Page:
Harvesting ice from an iceberg requires a heavy-duty, reinforced-steel-hulled boat, and a spirit of derring-do to pull up alongside a hunk of ice that can split or unexpectedly flip, and often features sharp, spiny underwater fingers of ice, capable of punching holes through unsuspecting watercraft. (Remember the Titanic?)
In this regard, Ed Kean numbers among the elder statesmen of the iceberg industry, a veteran of 30-plus summers of harvesting ice. He has a break-your-hand-in-two-handshake grip, and he got into the iceberg business because his family business was built upon a fishery that collapsed. Kean didn’t want to leave Newfoundland for someplace else, so he had to find something new to fish for.
Icebergs were it.
“This is a very small industry,” Kean said from the mountains of western Newfoundland, where he was snowmobiling. “It is costly to get into, and you’ve got to harvest enough ice in two months to last the rest of the year.”
In the olden days, Kean cracked ice chunks off larger icebergs by blasting them with a rifle, or hacking into them with an axe, then scooping up the pieces with a net. His system is more advanced now.
Kean harvests about 1,000 tons of ice a summer — Iceberg Vodka is by far his largest client — using a 100-foot-long custom barge, aptly named the Ice Harvester, outfitted with a grappling hook. The grapple breaks off ice chunks, which are fed into an ice grinder and then stored in tanks. The ideal iceberg for harvesting is about the size of a medium-sized house.
“I am starting to do my own iceberg water now,” said Kean, one of six individuals/companies licensed by the province to harvest icebergs. “I am hoping that it is going to be bigger than the vodka, bigger than the beer — and everything else.”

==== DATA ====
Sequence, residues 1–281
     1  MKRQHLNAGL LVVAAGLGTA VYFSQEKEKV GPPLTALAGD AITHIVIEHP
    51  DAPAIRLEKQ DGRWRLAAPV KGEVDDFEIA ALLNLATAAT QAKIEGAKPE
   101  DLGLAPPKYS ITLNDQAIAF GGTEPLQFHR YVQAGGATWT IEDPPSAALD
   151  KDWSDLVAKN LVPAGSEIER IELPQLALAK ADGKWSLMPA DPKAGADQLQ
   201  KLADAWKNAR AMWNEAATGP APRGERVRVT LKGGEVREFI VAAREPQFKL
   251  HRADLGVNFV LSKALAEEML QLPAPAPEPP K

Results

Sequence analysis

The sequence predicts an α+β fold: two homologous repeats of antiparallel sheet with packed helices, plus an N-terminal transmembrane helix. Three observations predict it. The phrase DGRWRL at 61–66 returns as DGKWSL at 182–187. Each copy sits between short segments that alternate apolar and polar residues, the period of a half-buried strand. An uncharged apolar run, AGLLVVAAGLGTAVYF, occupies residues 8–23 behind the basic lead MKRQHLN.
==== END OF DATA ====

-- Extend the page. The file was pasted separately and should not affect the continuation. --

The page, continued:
Hopes and dreams are the underpinnings of an industry that was always supposed to be bigger than what it has actually become.
The idea of monetizing iceberg water first cropped up in the late 1940s, thanks to John Dove Isaacs III, an American scientist and academic.
Isaacs’ career arc took him from being present at nuclear test sites and studying blast waves, to hypothesizing that towing Antarctic icebergs up the Pacific Coast and anchoring them off Catalina Island might solve California’s chronic water scarcity problem in the agro-industrial sector.
His theory was completely wacky, and resided on the scientific margins until the 1970s, when Saudi Prince Mohammed bin Faisal Al Saud became interested in icebergs as a possible answer to his country’s drinking water problems.
With Saudi money to be made in icebergs, university professors started cranking out papers and convening academic conferences. Entrepreneurs took note.
“Previous discussions of iceberg water had stressed its application to irrigation and agro-industrial complexes, schemes that could not afford high-priced water — and demanded delivery of very large icebergs,” American geophysicist W.F. Weeks noted to his peers at a gathering of the International Glaciological Society in Cambridge, England, in April 1980.
“Water delivered to Saudi Arabia, however, would be used for human consumption and high technology, and could command far greater prices.”
Saudi iceberg interest also caught the eye of Ron Stamp, a former owner of a hovercraft rental business in the Cayman Islands and a St. John’s native. He just couldn’t understand why the Saudis wouldn’t just melt the iceberg wherever it was, bottle the water and ship it home, ready to drink, rather than towing an iceberg to the desert — which never actually happened.
“Commercially, the prince was looking at the most expensive ice cube on the planet,” he said. “And that always stuck in my head.”
Stamp fancies himself Canada’s original iceberg water entrepreneur. As he tells the story, he was drinking beers with some buddies, circa 1982, when they started talking about that iceberg-obsessed Saudi prince.
Stamp had left home at 17 to drive a truck in Toronto, before realizing that what he was really good at was talking, and so he switched to sales before leaving sales to be a beach bum in Jamaica.
Next came the hovercrafts and, ultimately, a trip home to visit his parents, where he started a new venture: selling Newfoundland fish to Europe. It was a fine idea, until the cod all but disappeared and the government declared a moratorium on the fishery.